I did not see how I could withdraw without arousing unpleasant suspicions, and a lively curiosity as well well as a desire to help the unfortunate Fujita who, it turned out, was confined in this very building, promoted me to waive immunity.
Thereupon he opened a thick and ragged dossier and unfolded a long list of what I presumed were the charges against Fujita.
“Is it true,” he asked, “that Fajita talked to you concerning military or naval matters?” His voice was fflat a rd expressionless. He seemed to be rather bored, wither like a clerk asking for the name and address of a taxpayer.
”I don’t remember,” I answered, “but I don’t think so. We talked mostly of Manila where we met.”
His expression did. not change and. he went on to particulars. Was it true that Fujita hat told me that the Japanese commander-in-chief in the Philippines ha fled to Taiwan? That the Japanese had suffered a disastrous defeat in the naval battle off the Philippines? that Japanese losses in Leyte totalled 70,000? That Aquino, the Republic’s Speaker of the Assembly, would betray the Japanese? That Japan intended to abandon the Philippines and withdraw from all the southern regions? That only one-fourth of the planes produced in Japan were serviceable? That, in case of the American landing on the mainland, the Japanese had no means of resistance available? That there had been ‘disturbances’ in Chosen? That there might be ‘disturbances’ in Japan? That he himself preferred to live under any foreign government rather than continue under any Japanese regime?
All throughout the use of that curious construction: was it true etc.; was it true that Fujia had told me, etc. As I returned a steady stream of “No’s” and “I don’t remember’s” to this series of leading questions, he grew increasingly puzzled.
“Okashi, ne,” he murmured hunder his breath. “Strange, very strange.”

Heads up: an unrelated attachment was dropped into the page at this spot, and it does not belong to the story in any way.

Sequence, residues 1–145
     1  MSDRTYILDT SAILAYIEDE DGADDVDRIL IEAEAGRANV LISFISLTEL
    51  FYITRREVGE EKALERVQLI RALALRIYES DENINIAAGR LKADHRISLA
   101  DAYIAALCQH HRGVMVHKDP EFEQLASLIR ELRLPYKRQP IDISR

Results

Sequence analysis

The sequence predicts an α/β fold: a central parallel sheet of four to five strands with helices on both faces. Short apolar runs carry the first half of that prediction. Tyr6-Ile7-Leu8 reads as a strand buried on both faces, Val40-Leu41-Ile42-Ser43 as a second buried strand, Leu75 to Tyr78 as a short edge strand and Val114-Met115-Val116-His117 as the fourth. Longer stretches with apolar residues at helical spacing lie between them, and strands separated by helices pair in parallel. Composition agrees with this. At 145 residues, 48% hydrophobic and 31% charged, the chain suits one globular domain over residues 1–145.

I began to feel slightly apprehensive. My answers, I knew, would have run false in the ears of any experienced examiner, especially if the true had been mixed with the false among those leading questions. But I had no means of knowing how much the police had discovered or Fujita had confessed, and I decided to continue taking my chances on his obvious inexperience and distaste for this work. At long last we were finished. He thanked me formally. “You were very kind,” he said, “I hope we shall be able to do something for Fujita. He is a good man.” “But,” he added, “he likes to talk.”
He folded the list of charges. “I cannot understand the military police. They claim Fujita told you all these things. You are sure…?” I hastened to reassure him. It was plain he did not like the military police. He told me that the kempei had arrested Fujita and proposed to try him but the navy had stepped in to protect its employee. As a result Fujita would be tried by a naval court of inquiry. The officer had a typical solution for this vexing problem of the military police. “Soon,” he told me confidentially, “we shall have our own military police.”
I rose. “Could you,” he stopped me, with the air of having just remembered, “sign this paper please?”
“But this paper is blank,” I protested.
“I know,” he said ruefully. “I am sorry. This man,” and he pointed to the marine, who was grinning shamefacedly over his red notebook, ” should have taken down your answers during the examination. But he does not understand English.” I laughed and said that I could not possibly sign a blank sheet of paper. If he could send a summary of my statement later to the embassy, I should be glad to sign. He let it go at that. We bowed to each other once more and then I asked him what streetcar to take to get back to Kudan hill, as the embassy car was gone. He went down with me to the gate and gave me the necessary directions. When I went away I saw him studying me behind his glasses, still a little puzzled and uncertain.